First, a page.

Got by a speed camera
The crime in question took place in the lovely village of Woodstock, where I had been on an away day/night with my Leverhulme research project. For those who don't know it, Woodstock is a charming and rich village just outside Oxford -- just next to the Duke of Marlborough's stately pile at Bleinheim. On this visit, I discovered that His Grace charges a whacking four quid just to walk in his park (you cant get into he house itself in January). His forelock-tugging servants on the cash desks hadn't heard of the 'right to roam'. But more of that on another time.
Why did it feel unfair?
Well, for a start, I was leaving on Monday lunch-time with a stinking cold and a fuzzy head. And I was more fuzzled as the Sat Nav had refused to work and to find me the back-road that I knew must exist, between Woodstock and Bicester. I was cross and feverish -- and in between sneezes, leaving the town, I saw the 50 mile an hour speed limit coming up in front of me. Just at that minute I saw the camera flashing in the mirror behind me.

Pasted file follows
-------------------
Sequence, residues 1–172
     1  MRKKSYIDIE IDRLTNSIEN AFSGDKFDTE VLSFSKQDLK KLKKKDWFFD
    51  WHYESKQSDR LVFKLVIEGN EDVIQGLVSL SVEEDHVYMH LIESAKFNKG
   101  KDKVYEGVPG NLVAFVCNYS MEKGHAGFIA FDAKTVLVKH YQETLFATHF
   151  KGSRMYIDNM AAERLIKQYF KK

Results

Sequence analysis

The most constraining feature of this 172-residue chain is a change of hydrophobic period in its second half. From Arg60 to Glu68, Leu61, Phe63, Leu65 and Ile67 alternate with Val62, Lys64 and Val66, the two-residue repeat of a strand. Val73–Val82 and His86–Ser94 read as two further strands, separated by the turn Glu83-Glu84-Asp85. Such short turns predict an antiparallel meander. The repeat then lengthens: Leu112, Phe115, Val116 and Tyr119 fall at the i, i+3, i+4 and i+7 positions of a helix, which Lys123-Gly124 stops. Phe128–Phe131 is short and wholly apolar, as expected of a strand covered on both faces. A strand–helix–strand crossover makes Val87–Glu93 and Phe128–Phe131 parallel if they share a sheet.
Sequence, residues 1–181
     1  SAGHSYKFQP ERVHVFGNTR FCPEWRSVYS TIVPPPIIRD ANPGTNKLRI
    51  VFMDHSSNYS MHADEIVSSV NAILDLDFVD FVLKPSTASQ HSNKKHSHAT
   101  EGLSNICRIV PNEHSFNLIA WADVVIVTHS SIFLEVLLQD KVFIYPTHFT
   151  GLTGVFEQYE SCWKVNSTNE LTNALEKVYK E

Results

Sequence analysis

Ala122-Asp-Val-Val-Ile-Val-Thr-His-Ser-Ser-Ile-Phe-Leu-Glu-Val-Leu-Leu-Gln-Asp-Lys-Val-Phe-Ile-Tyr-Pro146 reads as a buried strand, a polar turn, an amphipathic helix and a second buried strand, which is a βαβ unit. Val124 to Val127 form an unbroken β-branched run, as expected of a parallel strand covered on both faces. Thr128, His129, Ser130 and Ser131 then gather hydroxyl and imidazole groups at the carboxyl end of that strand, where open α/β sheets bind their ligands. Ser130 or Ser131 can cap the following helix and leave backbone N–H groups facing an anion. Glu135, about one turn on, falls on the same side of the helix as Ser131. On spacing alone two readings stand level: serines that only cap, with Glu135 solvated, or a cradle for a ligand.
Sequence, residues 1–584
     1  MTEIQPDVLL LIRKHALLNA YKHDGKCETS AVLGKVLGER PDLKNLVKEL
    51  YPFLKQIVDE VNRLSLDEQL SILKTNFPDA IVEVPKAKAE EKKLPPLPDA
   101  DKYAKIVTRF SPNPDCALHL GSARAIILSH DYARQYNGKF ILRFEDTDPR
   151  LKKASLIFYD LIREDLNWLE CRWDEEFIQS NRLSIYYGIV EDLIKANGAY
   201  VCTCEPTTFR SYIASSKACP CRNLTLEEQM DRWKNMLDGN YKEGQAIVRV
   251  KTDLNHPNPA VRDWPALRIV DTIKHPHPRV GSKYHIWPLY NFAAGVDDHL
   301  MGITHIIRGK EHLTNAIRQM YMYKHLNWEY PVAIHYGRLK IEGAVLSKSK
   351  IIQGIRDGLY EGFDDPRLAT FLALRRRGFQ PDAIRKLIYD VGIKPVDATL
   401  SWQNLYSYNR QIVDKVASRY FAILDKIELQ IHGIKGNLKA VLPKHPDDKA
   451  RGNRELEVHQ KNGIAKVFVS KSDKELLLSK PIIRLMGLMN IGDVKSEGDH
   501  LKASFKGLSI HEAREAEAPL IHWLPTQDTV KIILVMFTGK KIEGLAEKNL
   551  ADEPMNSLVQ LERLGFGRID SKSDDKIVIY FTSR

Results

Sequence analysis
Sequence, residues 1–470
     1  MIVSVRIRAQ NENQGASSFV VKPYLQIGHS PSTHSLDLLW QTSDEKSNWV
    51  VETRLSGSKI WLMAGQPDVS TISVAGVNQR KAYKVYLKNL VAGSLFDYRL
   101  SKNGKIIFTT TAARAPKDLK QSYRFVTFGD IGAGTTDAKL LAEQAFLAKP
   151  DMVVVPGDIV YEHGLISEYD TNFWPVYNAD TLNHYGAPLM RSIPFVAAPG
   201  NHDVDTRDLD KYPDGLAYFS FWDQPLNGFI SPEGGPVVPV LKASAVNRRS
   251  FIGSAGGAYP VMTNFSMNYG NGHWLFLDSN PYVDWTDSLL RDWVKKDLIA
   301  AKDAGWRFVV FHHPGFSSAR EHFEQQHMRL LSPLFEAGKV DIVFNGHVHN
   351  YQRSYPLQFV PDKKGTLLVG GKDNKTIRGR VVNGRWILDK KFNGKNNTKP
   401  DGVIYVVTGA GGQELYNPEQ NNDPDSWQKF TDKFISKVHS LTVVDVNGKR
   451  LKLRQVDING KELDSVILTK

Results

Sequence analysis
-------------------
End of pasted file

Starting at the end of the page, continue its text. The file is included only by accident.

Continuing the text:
OK you might say - if you have a nasty cold and a high temperature , maybe you shouldn't be driving. Reasonable point, but what should you do? In this case it was a genuine error. I can't claim never to drive faster than the speed limit lays down. But I'm not the kind of girl to use pretty villages as a rat run.
The rest of the journey I kept rigorously under every speed limit I came across, and was of course over-taken by hundreds of cars doing a good bit over the limit. No cameras -- unfair, I thought.
The emotions went different ways in the course of the journey. My feverish state at the beginning conjured up all kinds of visions of children mowed down by careless women like me doing 38 miles per hour. By the end of the journey, I was feeling a bit better and I remembered all those stories about how speed cameras may flash without getting you. They don't always have film in them, someone told me.
Is it really the case that these yellow boxes actually have FILM in them? Maybe not. But maybe even the digital snapper isn't always switched on.
So I'm waiting to see if a nasty brown envelope slips through the door. What are my chances of escaping? And how long before I can relax?